exurb hell

I’m sitting on the floor, drinking coffee and reading to Clementine from the New York Times magazine. Right now, we’re reading about the American exurb explosion and the conservative megachurches that it’s spawned. I don’t have time for a real post, but here are a few clips:

In the rapidly growing community of Surprise, Ariz., Radiant megachurch offers financial planning, athletic facilities, child care, marriage counseling and Krispy Kremes with ever sermon. Welcome to the expanding conservative frontier….

The article tells the story of Lee McFarland, a highly-paid employee of Microsoft, who, after taking an on-line correspondence class on how to start an evangelical church, moved his family from Redmond, Wash., to the rapidly growing area of Surprise, Ariz.

McFarland’s messages are light on liturgy and heavy on what he calls ”successful principles for living” — how to discipline your children, how to reach your professional goals, how to invest your money, how to reduce your debt, even how to shake a porn addiction. ”If Oprah and Dr. Phil are doing it, why shouldn’t we?” he says. ”We should be better at it because we have the power of God to offer.”…

One of the more striking facts to emerge from the 2004 presidential election was that 97 of America’s 100 fastest-growing counties voted Republican. Most of these counties are made up of heretofore unknown towns too far from major metropolitan areas to be considered suburbs, but too bustling to be considered rural, places like Lebanon, Ohio; Fridley, Minn.; Crabapple, Ga.; and Surprise, Ariz. America has a new frontier: the exurbs. In a matter of years, sleepy counties stretching across 30 states have been transformed into dense communities of subdivisions filled with middle-class families likely to move again and again, settling in yet another exurb but putting down no real roots. These exurban cities tend not to have immediately recognizable town squares, but many have some kind of big, new structure where newcomers go to discuss their lives and problems and hopes: the megachurch…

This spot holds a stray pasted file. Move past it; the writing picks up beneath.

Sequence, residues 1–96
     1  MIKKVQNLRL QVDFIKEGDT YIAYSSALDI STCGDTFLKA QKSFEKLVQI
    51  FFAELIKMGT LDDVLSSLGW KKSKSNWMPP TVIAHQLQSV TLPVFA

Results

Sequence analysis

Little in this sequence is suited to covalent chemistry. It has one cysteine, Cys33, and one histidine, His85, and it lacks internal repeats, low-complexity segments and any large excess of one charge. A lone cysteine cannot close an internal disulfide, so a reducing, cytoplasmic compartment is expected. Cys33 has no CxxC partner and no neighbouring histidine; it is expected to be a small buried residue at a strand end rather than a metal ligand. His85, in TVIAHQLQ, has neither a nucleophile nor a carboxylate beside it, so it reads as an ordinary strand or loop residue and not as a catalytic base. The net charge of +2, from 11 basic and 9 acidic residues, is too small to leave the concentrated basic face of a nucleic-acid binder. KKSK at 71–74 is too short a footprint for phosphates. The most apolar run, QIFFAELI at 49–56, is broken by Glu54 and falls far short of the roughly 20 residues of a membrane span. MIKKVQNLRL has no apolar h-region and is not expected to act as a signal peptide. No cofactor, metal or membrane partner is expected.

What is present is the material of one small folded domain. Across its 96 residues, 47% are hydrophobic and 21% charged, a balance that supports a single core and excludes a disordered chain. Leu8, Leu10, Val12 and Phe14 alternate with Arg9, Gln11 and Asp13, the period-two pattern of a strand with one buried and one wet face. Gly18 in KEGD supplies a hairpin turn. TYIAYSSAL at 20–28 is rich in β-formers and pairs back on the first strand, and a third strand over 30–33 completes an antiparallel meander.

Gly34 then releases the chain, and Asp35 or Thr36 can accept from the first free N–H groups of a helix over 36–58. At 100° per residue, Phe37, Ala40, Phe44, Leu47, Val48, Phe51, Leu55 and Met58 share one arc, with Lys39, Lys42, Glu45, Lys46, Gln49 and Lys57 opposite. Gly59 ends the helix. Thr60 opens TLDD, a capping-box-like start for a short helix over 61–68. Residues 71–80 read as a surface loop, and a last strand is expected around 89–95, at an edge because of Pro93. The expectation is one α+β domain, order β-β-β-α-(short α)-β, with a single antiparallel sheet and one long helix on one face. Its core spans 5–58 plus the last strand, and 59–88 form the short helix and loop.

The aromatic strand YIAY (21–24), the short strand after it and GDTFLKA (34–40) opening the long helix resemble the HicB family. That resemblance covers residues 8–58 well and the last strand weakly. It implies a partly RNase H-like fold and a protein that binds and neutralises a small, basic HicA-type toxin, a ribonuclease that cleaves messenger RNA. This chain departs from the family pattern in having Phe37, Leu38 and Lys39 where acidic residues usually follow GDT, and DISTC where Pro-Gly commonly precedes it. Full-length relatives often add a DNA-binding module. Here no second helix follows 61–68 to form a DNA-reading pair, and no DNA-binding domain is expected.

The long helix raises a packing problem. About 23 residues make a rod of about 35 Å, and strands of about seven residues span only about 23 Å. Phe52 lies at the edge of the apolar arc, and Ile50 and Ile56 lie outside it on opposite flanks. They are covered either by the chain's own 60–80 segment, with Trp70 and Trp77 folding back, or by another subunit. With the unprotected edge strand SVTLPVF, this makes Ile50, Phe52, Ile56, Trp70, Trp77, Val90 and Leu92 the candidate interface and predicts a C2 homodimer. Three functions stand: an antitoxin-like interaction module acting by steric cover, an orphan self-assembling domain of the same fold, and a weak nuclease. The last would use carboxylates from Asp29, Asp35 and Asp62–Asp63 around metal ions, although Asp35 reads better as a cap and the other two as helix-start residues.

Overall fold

The first problem McFarland set about solving was that of the public schools. The newly arriving parents told him they were terrible. So in the summer of 1998, less than a year after he’d started offering Sunday services, McFarland rented a trailer, strung up a banner and began signing up children for an as-yet-unbuilt charter school, Paradise Education Center; C.E.O., Lee McFarland. ”We had nothing to show them,” he told me. ”Literally there was just land here.”…

These are people that the Republican Party has always run well with — it’s conventional wisdom among political analysts that young, middle-class couples raising children tend to be conservative — and in 2004 the G.O.P. made a strong play for exurbanites. Megachurches were a key part of the strategy. Supporters were asked to supply the Bush-Cheney campaign with church directories so it could make sure these churchgoers were registered and planning to vote. ”For the first time we didn’t just engage businesspeople or Second Amendment supporters; we engaged people who said they were motivated first and foremost by their values, and these people were often churchgoers,” Gary Marx, a liaison to social conservatives for the campaign, told me recently. ”We asked them to reach out to their community, and their community is the megachurch.”…

In the run-up to the election, Radiant published nonpartisan voter guides in the church bulletin, and McFarland gave a sermon about the importance of voting, though he was careful not to express support for either candidate — ”God isn’t a Republican or a Democrat,” he said. Still, the very fact that McFarland’s sermons are intended to feel ”relevant,” as he likes to say, means he at times takes on issues like abortion and homosexuality, both of which he believes are sinful. McFarland’s views are rooted in his faith, but congregants may, no doubt, draw political conclusions…

Happy Easter.

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  1. Suzie
    Posted March 27, 2005 at 2:06 pm | Permalink

    Greater Phoenix is spreading over the desert like you would not believe possible for a region with little freshwater resources. (It also has more fountains, pools, and green lawns than you’d expect/hope.)

    Surprise’s homepage notes that from a pop. of 1000 in 1960 and modest growth in the decades that followed, the 90s & on brought skyrocketing growth – to 72 square miles and pop. (estimated) of 42,000 – growth rate of 333% (three hundred thirty-three percent) between 1990 & 2000.

  2. mark
    Posted March 27, 2005 at 3:44 pm | Permalink

    Demographically speaking, we’re all fucked.

  3. chris
    Posted March 27, 2005 at 11:27 pm | Permalink

    After reading this article I started to question my sanity. No, for reals…ya know what I mean?

  4. mark
    Posted March 28, 2005 at 7:48 am | Permalink

    I like the way these communities intertwine religion, so called “self-help,” and consumption (and, most likely, patriotism). Perhaps that’s our future. It’s out there for us, and all we have to do is grab ahold.

    The mantra: “Mine, mine, mine.”

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